I went back to my rig and slewed over to The Horsehead Nebula. This was my main target for the night. I had high hopes for 90 second subs. I even tried another polar alignment when the 90 second subs were giving me inconsistent stars. Some subs looked good, others had trails. I decided not to push it and settled for 60 second subs. After deciding on my ISO and exposure length I set Nebulosity to capture 80 frames and went to my XT8 for some visual work. I keep saying I am going to do more of this, but I never do. AP has me addicted. I went over to one of the members who has helped me before to see what he was shooting. Comet Lovejoy was his target and I had yet to be able to find it this outing so I peeked through his finder scope to see where to start my search. I lined up my red dot finder in the general area and pushed the tube around until I found it. It wasn’t too hard to find. A fairly bright green blob with a fairly bright center. I could faintly see some trailing from the tail. I was planning to take a few shots of the comet from the dark sky spot. I have tried a few times from the backyard with minimal success. It seems from my light polluted backyard a single exposure is better than stacked. I guess from the backyard I just end up stacking the light pollution. As my camera fired away a few people left which can be seen in some of my frames from the bright red tail lights flooding my frames with a blinding red.
Since I was unable to do much to help the newbies with their telescope I made it a point to let them look through my dob when I found something interesting. The kid, 13 or so I think, seemed moderately interested in what I had to offer.
As the night went on my batteries began to run down and frost began collecting on the gear. It was actually so cold that my computer was running VERY slow. I ended up putting my hand warmers under the computer. It seemed to work. I got 75 of my 80 intended frames, I decided I wanted another go at the comet. A fellow AP-er who also has an AVX was close by. He was shooting the comet so I asked him for his RA and DEC and slewed to Lovejoy C2014 Q2. I took 25 or so 60 second frames. By this point my computer battery was done, and some how my mount power cable got bumped and came unplugged enough that I lost power. That was my cue to pack up. Before that I spent some time doing a little visual work. As stated I saw the comet. I found M79, it was much smaller than I was expecting. NOTHING like M13. I spent a while looking at the double cluster in Casopia. It’s so pretty. I found M31 and failed at M33. By that time my hands were going numb and the frosty tube wasn’t helping. I know I say this all the time but I really need to do more visual work. Maybe it’ll get better when it’s warm again.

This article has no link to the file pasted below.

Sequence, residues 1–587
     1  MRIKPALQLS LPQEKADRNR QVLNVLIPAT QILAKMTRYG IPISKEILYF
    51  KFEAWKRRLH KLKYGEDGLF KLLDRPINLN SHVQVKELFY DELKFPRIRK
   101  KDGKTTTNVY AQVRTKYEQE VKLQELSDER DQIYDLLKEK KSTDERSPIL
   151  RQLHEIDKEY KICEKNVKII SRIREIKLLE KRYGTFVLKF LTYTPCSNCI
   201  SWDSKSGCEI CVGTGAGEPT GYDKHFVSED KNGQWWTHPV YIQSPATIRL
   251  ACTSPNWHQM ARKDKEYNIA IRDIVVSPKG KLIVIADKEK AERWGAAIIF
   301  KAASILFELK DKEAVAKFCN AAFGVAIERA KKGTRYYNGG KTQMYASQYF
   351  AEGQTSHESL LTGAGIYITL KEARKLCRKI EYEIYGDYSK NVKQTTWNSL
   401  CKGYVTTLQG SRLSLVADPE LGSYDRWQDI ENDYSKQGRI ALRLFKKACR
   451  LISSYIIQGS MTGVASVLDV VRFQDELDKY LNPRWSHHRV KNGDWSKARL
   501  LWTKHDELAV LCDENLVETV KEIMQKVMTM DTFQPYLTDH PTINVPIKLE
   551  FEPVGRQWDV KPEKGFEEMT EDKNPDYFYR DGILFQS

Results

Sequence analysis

With batteries dead and frost over the gear I decided it was time to go. Also, my poor dogs were home alone and I hate to leave them when I don’t have to. I said a few good byes and on my way out I talked to one of the other club members. She is one of the ones I have talked to the most. She is fairly new too but has a much wider knowledge base than I do. I asked her if she was looking at anything cool and she was looking at the comet I think. I talked about some of the things I saw and talked about how pretty the double cluster is. She said she hadn’t seen that tonight and wanted to look at it with her scope. She had a 25mm eyepiece in her 12.5 scope. There wasn’t much FOV I asked if she wanted to use my 40mm eyepiece and we looked at that with it. Then M31. I REALLY want a big dobsonian. Things look so much prettier in a big huge dobsonian than anything else. Oh, another member had is 14 inch GOTO dob. I looked at the comet and Jupiter with his telescope. That planet was HUGE in his 14in dob and 2 inch eyepiece! I got to step up my visual game!
A summery of the imaging, a few subs on both objects had to be tossed from jets, tail lights, and people walking in front of my scope. But overall things turned out fairly well. I took darks when I got home, leaving the camera outside of course. I took some flats by pointing the OTA to a white computer screen. The images came out ok, but I was thinking my flats didn’t turnout well. I reshot them the next morning using the clear blue sky. The histogram looked much better and I was able to get the vignetting to match what I had in my finished stack. So I totally reprocessed them. The first time around I only used 10 or so darks with the comet because I didn’t have a ton of lights. The next time around I used all 40 or so darks. It really cleaned up the comet’s final stack. The Horsehead nebula turned out fairly well too. The framing wasn’t great but it’s growing on me. The Horsehead and flame nebula are on the left and on the right it’s mostly dark. So it’s a kind of cool contrast. I didn’t think I would get much data because it seems this object does better with modified camera as there is a lot of H alpha data. I was pleasantly surprised. Below is the finished, low res (as wordpress only supports 10mb uploads.) finished, for now, images. Links with higher res astobin below.